The party's hot and there's loads of action. Scoring should be a piece of cake. But who is the best to chat up?
At the IT Valentine's party it is the suppliers who are on the prowl, the business units that are the prey, and the IT departments who are left standing like wallflowers on the sidelines.
Everyone knows of the scenario where the managing director enthuses wildly about the new system that some brilliant chappie from Silicon Valley - "They know a thing or two about computers out there, Bob!" - was telling him all about coming over on the red-eye.
Everyone also knows exactly why suppliers like to target the business managers directly - they're the new lad's equivalent of the dumb blonde. For "Our software package could really impact your bottom line," read "I really go for intelligent women - honest".
The popular conception is that business users are an easy conquest. In this scenario, the last thing the suppliers want is the IT department butting in like the dumb blonde's elderly chaperone.
But is this cliché fair?
It is certainly true that the very nature of IT means that there are two customers for every product or service - the business and the IT department. It is also true that there can be inherent tensions between the two, especially when it is a case of a specific business department wanting immediate, particular and local benefits, while the IT department has to look at the fit within the context of the company as a whole. Add a layer of ego-based struggle for control and supremacy between rival intra-corporate empires, and the tensions can soar.
At this point, the one with the short straw can turn out to be the supplier, caught in the cross-fire of a political in-fight.
The business/IT/supplier triangle is certainly "something that comes up frequently", agrees Tony Lewis, executive director of the Computing Services and Software Association.
The association does not lay down guidelines for its members to follow in respect of their bipartite relationships with their customers, because, says Lewis, each company has its own selling process, and that depends very much on what is being sold.
Suppliers of outsourcing services, for example, inevitably have to target business users at the highest level. Outsourcing corporate IT is a board-level decision. As a general rule, the more strategic, rather than tactical, a solution being sold, the higher up the chain it is pitched.
Even so, says Lewis, to defuse potential tension from the IT department feeling that it is a passive victim of high-level decisions, it is best to have IT representation on the board in the first place.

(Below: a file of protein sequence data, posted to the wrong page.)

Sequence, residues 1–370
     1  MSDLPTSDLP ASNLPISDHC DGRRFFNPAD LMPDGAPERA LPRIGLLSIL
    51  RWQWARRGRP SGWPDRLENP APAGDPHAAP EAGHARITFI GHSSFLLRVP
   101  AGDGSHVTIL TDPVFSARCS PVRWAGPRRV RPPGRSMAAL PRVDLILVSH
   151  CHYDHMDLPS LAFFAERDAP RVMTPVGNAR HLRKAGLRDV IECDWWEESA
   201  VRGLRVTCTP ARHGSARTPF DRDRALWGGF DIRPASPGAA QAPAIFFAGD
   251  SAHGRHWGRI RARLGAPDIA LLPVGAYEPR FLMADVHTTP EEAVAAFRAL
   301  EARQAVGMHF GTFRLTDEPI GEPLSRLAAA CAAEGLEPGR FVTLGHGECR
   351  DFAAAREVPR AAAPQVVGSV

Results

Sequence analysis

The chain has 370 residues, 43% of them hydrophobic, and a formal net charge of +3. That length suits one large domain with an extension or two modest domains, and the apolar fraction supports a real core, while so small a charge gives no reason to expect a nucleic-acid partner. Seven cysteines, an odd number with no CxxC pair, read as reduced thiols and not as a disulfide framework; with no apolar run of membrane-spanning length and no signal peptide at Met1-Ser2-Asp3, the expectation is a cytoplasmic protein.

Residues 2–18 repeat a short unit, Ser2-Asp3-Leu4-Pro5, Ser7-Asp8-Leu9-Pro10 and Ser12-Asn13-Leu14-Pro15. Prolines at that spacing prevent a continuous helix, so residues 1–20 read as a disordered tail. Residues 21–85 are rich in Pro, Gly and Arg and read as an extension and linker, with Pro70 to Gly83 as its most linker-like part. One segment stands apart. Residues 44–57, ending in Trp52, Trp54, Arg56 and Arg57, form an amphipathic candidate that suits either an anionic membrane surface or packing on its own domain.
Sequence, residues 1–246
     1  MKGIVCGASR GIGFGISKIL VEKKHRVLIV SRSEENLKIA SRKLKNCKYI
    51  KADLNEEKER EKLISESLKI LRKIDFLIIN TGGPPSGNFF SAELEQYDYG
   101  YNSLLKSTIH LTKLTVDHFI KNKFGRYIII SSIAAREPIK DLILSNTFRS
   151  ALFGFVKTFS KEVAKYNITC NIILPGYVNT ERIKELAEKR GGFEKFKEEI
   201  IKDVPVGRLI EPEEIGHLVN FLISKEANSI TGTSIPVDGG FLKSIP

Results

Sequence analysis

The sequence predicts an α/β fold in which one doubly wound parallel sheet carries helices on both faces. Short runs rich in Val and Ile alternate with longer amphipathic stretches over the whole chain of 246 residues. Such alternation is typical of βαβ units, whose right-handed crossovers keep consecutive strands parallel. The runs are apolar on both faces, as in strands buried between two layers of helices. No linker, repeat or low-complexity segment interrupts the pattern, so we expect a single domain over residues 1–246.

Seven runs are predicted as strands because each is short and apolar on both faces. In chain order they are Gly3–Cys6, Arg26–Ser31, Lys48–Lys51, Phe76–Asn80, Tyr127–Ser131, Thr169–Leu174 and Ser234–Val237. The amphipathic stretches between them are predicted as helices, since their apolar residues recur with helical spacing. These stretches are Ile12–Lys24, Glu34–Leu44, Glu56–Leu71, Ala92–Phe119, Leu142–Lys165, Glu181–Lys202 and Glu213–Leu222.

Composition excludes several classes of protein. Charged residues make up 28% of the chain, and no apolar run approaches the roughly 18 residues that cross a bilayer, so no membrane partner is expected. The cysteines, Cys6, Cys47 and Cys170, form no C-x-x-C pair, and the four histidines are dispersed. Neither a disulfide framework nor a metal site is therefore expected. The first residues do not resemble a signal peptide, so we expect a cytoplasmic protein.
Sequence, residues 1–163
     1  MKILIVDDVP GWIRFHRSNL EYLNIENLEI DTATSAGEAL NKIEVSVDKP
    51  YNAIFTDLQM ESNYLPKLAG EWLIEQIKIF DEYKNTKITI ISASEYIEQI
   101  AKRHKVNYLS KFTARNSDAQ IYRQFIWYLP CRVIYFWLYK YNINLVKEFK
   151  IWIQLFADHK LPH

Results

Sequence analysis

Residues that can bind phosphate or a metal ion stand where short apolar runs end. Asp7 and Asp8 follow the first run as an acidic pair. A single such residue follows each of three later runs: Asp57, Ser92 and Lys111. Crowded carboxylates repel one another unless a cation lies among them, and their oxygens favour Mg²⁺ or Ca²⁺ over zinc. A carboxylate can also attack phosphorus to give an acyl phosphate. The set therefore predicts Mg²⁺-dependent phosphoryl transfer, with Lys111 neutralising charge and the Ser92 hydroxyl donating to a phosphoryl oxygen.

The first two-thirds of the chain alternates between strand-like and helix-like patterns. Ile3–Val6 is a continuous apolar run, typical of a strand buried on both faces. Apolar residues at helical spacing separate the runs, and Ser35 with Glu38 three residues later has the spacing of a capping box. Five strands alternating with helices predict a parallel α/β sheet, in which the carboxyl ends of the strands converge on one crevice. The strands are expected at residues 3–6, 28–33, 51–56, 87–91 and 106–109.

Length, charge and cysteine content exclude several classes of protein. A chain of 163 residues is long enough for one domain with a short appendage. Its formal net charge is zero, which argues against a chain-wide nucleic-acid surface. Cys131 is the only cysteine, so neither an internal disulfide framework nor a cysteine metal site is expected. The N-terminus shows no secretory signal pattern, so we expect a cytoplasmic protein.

Suppliers like IT on the board too.
"It's so they don't feel they have to escalate to get a sensible decision," Lewis points out.
But he agrees that suppliers like to do business with the business as well as with the IT department.
"Most sales people like to have contact with the signatory on the contract - the person with the final say so," he says.
One reason suppliers like to target business users, however, is because the IT department can sometimes be stubborn about changing or introducing new technology for non-technical reasons, says Dave Roberts, practice leader of IT sales training company On Target.
But in an era where product differentiation is eroding, suppliers need to differentiate by what they like to call adding value, but which to the IT department can look like encroaching on its territory. If anyone is going to provide the skill set to maximise return on investment from a new product, it is going to be the IT department, not overpriced supplier labour, runs this argument.
"The IT department think they add value internally - some believe their role is being usurped," warns Roberts.
For all that, bypassing the IT department is not on, he says. "We don't support going around the IT department," says Roberts. "We advise co-operation, not combativeness."
When it comes to assessing a supplier's pitch to the business, the role of IT "should be to be sceptical, but not cynical".
In the end, of course, the only way the tug-of-love between the business and the IT department can be defused is for the IT department to get closer to its business departments and corporate strategy. IT departments need to be more responsive to business timescales, more knowledgeable about business drivers, and more understanding of its needs and problems.
In the end IT departments that don't want a tug of love between business units and suppliers may have to settle for a ménage à trois.
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